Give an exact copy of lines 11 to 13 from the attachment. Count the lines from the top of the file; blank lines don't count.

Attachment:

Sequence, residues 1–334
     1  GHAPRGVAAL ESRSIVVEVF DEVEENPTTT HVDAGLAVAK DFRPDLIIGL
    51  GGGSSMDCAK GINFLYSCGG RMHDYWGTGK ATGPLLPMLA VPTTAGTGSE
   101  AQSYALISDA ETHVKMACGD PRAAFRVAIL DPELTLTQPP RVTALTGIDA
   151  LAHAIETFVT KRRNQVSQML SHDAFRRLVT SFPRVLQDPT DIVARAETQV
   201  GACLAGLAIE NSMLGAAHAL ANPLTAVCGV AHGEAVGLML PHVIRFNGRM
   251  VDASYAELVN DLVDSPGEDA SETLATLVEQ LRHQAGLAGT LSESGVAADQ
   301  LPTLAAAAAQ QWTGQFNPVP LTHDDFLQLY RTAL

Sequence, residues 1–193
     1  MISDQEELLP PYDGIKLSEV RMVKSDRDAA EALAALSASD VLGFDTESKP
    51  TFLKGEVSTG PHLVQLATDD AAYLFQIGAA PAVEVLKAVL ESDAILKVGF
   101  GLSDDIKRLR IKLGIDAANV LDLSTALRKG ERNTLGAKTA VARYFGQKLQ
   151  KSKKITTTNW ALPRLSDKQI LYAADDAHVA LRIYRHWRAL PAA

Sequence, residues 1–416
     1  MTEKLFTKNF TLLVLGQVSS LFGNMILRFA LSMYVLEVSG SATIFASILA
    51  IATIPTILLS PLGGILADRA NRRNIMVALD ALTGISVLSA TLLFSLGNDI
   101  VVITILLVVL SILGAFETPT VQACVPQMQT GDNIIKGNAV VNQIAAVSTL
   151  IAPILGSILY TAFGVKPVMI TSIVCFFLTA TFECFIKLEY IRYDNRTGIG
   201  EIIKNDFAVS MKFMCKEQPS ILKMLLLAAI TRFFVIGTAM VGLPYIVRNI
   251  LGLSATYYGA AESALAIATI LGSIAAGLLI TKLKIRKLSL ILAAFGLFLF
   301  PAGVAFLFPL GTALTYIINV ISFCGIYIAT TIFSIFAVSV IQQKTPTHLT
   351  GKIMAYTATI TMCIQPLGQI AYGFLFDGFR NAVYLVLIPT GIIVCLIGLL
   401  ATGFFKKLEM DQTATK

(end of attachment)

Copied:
    51  TFLKGEVSTG PHLVQLATDD AAYLFQIGAA PAVEVLKAVL ESDAILKVGF
   101  GLSDDIKRLR IKLGIDAANV LDLSTALRKG ERNTLGAKTA VARYFGQKLQ
   151  KSKKITTTNW ALPRLSDKQI LYAADDAHVA LRIYRHWRAL PAA